Invasive and Nuisance Species

2013 CCMP, Action Plan 11:
Managing Invasive and Nuisance Species

About the new Buzzards Bay CCMP Action Plans
The Buzzards Bay Comprehensive Conservation and Management Plan (CCMP) was updated in November 2013 to reflect the great progress achieved since the original CCMP was finalized. You can download the entire document (buzzards-bay-ccmp-2013-update.pdf) or just this action plan Managing Invasive and Nuisance Species.

Managing Invasive and Nuisance Species


Aquatic and terrestrial nuisance and invasive species represent a threat to endemic natural ecosystems of Buzzards Bay and its surrounding watershed. Once invasive species become established in an ecosystem, they are virtually impossible to eliminate. Therefore, management emphasis must be placed on regulatory controls and increased public awareness to prevent new introductions. Monitoring existing and identifying new invasives is an important tool in this effort by potentially helping elucidate transport pathways, and by identifying new introductions at an early stage where there may be a slight potential to eradicate them.


Goal 11.1. Minimize the potential introduction of new invasive and nuisance species to Buzzards Bay and its surrounding watershed.

Goal 11.2. Reduce the extent and limit the spread of existing invasive and nuisance species that are degrading habitats of Buzzards Bay and its surrounding watershed.



Codium Floating on the Water

The green algae Codium fragile, commonly known as Green Fleece, is an introduced species that appeared in Buzzards Bay in the 1960s.

Objective 11.1. Adopt and enforce laws, regulations, and policies that will reduce the potential spread of invasive species.

Objective 11.2. Educate the public, farmers, nursery owners, fisherman, pet storeowners, shipping industry, and other relevant sectors about individual actions that can be taken to reduce the threat of introducing invasive and nuisance species to the environment.

Objective 11.3. Fund and promote actions and studies to control and reduce existing populations of invasive and nuisance species.

Objective 11.4. Monitor existing and new invasives in order to help discern introduction pathways and to identify species in early stages of introduction where there may be a slight potential for containment.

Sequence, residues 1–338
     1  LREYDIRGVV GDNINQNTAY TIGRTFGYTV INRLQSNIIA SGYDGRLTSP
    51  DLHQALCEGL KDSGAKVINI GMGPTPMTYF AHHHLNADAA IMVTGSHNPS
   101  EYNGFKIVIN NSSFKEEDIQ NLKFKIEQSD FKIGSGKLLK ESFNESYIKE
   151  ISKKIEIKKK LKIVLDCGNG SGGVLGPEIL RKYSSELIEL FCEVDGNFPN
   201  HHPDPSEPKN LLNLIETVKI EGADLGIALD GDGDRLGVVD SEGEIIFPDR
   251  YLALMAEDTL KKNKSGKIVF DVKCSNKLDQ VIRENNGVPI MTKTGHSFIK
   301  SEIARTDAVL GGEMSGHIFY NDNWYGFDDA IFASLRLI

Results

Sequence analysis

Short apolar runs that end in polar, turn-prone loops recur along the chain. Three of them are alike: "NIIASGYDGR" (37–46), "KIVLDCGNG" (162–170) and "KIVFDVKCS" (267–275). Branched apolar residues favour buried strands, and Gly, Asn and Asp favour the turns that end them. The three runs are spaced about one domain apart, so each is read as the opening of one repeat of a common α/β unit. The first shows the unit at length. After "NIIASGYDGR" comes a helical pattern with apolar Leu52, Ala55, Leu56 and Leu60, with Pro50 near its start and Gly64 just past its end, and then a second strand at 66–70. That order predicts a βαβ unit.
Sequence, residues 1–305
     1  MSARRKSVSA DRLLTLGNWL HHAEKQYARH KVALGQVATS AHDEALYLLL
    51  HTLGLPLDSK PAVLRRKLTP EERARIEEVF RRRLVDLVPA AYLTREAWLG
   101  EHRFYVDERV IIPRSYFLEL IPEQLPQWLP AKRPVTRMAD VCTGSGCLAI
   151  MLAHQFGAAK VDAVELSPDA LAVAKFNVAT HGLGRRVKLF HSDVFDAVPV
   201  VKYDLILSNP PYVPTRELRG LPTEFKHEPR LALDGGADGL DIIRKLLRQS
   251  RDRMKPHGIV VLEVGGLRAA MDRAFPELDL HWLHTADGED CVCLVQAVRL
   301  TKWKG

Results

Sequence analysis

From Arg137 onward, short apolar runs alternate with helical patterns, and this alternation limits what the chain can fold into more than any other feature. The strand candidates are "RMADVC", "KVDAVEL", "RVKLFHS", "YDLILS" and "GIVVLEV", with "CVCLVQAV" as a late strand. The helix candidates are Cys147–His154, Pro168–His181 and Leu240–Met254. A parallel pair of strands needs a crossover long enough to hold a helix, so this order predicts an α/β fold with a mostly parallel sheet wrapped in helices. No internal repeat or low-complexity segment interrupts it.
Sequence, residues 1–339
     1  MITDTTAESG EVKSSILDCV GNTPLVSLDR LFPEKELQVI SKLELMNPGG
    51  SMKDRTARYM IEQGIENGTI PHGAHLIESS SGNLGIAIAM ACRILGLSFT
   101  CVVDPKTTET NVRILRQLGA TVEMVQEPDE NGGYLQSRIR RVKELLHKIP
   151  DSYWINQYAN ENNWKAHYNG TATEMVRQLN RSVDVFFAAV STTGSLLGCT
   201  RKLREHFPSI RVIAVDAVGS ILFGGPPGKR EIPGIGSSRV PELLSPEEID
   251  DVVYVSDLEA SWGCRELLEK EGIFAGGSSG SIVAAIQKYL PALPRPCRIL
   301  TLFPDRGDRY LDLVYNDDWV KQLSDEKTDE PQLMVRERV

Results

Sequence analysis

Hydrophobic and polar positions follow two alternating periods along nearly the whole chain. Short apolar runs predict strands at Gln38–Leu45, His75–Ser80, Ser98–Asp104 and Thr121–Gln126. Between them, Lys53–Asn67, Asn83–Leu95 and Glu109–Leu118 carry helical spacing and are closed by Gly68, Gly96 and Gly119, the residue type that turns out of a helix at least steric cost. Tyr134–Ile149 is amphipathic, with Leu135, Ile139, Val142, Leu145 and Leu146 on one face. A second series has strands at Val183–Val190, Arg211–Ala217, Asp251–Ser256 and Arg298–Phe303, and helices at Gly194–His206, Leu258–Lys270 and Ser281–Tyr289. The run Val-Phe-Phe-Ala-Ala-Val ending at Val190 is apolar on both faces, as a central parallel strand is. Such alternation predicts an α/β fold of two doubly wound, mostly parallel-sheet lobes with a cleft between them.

For the most part, once an invasive species has entered a region, little can be done to reverse its presence or control its population. Therefore, management action should focus on preventing new introductions, and to monitor existing conditions. Monitoring for the presence of introduced species is important so that scientists and managers can better discern whether shifts in naturally occurring species are likely the result of human perturbations, like pollution, or are possibly caused by predation or competition with introduced species. Monitoring can also document trends and help discern pathways of inva-sive migrations. This information can help inform policy decisions and regulatory formulation.

Posting maps and information about introduced species and enabling easy online reporting by residents can help achieve the objectives of this action plan. CZM and the MassBays Program have already established websites for information on marine aquatic invasives in Massachusetts, and residents and municipal officials of Buzzards Bay should be encouraged to use the available online tracking and reporting forms.

The most effective approach to avoiding new introductions is through education and the enforcement of existing laws, regulations, and through adoption and enforcement of new preventative measures. These efforts will not succeed unless there is increased awareness and acceptance of the problem by the public, businesses, and educational institutions. In this way, all these groups can take voluntary measures or implement best management practices to minimize the threat of introducing non-natives into the environment.

Because pathways, impacts, and the extent of introduced species has not been well documented or understood, monitoring and research is needed not only to evaluate success of control measures, but is a fundamental need to better define the extent of the problem and the viability of proposed solutions.

Costs and Financing

Better tracking, mapping, and monitoring of key invasive aquatic and terrestrial species could be achieved with annual expenditures in the tens of thousands of dollars utilizing resident volunteers, online reporting with oversight and review by wildlife scientists and biologists. More comprehensive mapping efforts, together with research into the pathways and impacts of invasives, can cost millions of dollars. Measures to control species through eradication efforts can cost thou-sands to hundreds of thousands of dollars per site. There is a cost to government to enforce compliance with new regulations in terms of staff, and compliance of industry with these regulations can range from negligible (e.g. species import bans) to substantial (e.g. ballast water treatment).

Measuring Success

Tracking the extent and abundance of introduced species, together with documentation of the rate of new species introductions will be the measure of the success of this action plan, as well as programmatic measures like the adoption of new regulations.